The Black Imagination, Science Fiction, Futurism and the Speculative
Sandra Jackson, Julie E. Moody-Freeman
Peter Lang, 2011 - Social Science - 231 pages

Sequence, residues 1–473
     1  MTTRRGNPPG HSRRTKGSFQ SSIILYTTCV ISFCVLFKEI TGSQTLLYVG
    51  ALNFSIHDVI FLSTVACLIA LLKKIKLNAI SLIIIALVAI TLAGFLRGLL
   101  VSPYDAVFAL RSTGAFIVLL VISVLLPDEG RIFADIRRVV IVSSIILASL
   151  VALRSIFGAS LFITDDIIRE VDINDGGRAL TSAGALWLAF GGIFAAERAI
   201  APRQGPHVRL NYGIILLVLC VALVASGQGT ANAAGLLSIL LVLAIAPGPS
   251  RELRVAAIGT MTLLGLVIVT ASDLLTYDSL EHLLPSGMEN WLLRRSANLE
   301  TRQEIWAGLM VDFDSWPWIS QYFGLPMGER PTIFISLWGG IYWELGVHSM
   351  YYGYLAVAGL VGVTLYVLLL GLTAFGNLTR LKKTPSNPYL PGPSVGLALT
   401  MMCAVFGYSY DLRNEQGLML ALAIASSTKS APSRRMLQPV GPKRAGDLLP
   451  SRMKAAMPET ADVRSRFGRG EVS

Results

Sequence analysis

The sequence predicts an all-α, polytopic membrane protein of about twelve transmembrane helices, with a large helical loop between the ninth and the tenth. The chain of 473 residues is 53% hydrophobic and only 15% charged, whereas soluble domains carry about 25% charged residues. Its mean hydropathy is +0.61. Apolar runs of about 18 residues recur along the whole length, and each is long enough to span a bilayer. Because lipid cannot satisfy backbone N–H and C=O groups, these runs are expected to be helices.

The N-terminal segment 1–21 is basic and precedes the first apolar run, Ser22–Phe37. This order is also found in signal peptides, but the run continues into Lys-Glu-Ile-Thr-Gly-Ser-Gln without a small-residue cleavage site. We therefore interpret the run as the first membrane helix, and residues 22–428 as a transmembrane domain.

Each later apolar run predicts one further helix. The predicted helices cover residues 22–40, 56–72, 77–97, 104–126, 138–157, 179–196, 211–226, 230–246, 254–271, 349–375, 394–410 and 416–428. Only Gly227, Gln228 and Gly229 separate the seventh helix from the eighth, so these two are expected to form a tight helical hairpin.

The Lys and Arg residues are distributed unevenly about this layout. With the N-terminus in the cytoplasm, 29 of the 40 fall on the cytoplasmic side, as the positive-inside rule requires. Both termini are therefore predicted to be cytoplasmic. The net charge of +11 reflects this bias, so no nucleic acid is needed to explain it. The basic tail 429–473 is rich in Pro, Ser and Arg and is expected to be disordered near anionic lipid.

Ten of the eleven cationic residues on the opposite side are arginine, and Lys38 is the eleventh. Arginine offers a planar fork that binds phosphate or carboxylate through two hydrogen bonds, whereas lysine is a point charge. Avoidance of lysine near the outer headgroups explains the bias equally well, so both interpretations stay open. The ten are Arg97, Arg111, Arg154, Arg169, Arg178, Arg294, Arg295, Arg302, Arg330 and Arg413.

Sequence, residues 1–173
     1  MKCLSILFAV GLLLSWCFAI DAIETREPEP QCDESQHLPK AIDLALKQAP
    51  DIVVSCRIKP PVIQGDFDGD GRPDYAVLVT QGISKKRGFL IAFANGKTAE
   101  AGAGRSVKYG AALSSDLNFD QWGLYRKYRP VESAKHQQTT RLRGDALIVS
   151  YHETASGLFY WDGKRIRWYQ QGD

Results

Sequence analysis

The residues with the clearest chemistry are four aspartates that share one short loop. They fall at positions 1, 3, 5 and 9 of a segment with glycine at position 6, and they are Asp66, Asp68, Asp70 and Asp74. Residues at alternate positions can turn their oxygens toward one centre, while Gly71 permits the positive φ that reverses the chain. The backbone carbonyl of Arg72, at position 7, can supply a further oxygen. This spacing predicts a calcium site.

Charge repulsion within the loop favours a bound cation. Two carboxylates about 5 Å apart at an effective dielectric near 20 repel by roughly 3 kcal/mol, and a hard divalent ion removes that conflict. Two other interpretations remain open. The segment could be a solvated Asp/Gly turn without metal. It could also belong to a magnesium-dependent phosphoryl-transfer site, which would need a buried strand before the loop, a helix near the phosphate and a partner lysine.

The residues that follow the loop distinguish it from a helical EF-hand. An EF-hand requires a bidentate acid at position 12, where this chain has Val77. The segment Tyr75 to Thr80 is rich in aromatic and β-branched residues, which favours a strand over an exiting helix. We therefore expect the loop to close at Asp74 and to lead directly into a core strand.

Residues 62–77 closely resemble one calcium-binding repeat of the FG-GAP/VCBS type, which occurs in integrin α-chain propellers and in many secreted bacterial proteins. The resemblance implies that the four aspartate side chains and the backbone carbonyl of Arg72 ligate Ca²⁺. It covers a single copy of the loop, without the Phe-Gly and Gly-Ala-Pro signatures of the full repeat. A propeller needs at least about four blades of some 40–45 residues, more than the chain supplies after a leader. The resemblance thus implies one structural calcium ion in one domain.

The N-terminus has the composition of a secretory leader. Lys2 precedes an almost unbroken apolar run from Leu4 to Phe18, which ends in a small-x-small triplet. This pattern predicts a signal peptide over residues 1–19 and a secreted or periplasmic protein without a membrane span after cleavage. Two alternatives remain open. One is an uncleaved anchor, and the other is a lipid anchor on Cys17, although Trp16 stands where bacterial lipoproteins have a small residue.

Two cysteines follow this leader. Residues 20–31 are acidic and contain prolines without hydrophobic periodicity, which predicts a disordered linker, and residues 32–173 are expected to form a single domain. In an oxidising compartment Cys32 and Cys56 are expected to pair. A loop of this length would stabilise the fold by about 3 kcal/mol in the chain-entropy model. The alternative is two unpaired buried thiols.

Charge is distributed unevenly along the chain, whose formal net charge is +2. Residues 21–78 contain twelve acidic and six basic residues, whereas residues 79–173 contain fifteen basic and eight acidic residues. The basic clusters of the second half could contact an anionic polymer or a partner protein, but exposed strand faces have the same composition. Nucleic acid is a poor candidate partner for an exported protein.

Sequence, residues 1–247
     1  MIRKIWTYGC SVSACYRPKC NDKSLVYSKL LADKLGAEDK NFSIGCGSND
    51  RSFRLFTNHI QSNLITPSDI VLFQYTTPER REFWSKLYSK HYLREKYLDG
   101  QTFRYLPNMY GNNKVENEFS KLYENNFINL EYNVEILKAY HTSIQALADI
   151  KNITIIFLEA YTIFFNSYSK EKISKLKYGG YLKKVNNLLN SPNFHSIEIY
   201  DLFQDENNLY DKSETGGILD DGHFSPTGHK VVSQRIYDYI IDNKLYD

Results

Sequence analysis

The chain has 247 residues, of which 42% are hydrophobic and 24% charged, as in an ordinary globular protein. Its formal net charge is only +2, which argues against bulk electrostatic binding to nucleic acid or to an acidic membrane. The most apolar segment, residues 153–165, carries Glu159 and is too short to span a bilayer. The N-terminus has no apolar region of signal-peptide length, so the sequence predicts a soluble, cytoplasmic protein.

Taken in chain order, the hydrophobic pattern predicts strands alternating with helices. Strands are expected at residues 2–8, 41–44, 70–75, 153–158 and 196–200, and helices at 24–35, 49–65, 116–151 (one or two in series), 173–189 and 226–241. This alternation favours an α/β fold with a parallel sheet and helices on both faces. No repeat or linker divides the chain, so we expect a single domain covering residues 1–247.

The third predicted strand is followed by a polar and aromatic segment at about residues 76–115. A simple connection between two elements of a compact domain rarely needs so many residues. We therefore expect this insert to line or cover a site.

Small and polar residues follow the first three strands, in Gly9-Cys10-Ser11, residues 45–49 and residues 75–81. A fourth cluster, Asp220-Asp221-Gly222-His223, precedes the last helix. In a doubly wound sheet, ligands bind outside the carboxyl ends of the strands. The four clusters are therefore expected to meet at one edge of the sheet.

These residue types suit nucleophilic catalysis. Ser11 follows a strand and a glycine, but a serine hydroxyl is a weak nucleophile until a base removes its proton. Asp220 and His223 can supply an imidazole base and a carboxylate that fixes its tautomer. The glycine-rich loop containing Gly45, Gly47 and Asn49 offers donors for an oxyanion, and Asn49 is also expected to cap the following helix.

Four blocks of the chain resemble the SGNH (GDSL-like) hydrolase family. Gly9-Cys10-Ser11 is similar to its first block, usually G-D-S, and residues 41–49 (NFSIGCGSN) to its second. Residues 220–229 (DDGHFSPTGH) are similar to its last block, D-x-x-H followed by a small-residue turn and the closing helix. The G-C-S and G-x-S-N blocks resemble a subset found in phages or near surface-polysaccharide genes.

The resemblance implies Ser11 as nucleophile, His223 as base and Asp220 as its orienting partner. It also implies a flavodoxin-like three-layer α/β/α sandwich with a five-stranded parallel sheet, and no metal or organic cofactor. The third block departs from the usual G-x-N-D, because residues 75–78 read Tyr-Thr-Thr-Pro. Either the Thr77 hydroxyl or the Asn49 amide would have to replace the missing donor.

This critical collection covers a broad spectrum of works, both literary and cinematic, and issues from writers, directors, and artists who claim the science fiction, speculative fiction, and Afro-futurist genres. The anthology extends the discursive boundaries of science fiction by examining iconic writers like Octavia Butler, Walter Mosley, and Nalo Hopkinson through the lens of ecofeminist veganism, post-9/11 racial geopolitics, and the effect of the computer database on human voice and agency. Contributors expand what the field characterizes as speculative fiction by examining for the first time the vampire tropes present in Audre Lorde's poetry, and by tracing her influence on the horror fiction of Jewelle Gomez. The collection moves beyond exploration of literary fiction to study the Afro-futurist representations of Blacks in comic books, in the Star Trek franchise, in African films, and in blockbuster films like Independence Day, I Robot, and I Am Legend.
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